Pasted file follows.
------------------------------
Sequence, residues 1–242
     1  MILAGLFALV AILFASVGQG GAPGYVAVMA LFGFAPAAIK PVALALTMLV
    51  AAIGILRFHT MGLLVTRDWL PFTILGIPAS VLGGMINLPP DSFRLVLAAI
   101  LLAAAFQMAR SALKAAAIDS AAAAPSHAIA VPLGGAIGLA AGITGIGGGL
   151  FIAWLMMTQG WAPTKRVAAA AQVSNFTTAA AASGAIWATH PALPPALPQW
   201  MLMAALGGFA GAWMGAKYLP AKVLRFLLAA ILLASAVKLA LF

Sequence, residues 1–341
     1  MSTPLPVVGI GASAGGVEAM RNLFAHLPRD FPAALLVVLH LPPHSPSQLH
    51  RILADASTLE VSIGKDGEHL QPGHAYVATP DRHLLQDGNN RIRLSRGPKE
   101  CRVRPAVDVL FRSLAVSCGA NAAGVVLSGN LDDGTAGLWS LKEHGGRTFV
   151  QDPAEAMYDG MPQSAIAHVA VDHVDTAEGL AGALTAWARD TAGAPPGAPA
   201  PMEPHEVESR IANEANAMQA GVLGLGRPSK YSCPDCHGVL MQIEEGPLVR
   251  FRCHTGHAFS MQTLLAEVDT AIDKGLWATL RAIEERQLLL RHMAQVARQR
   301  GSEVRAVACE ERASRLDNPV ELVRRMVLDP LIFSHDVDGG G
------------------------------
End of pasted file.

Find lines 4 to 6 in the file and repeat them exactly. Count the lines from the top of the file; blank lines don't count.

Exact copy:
   101  LLAAAFQMAR SALKAAAIDS AAAAPSHAIA VPLGGAIGLA AGITGIGGGL
   151  FIAWLMMTQG WAPTKRVAAA AQVSNFTTAA AASGAIWATH PALPPALPQW
   201  MLMAALGGFA GAWMGAKYLP AKVLRFLLAA ILLASAVKLA LF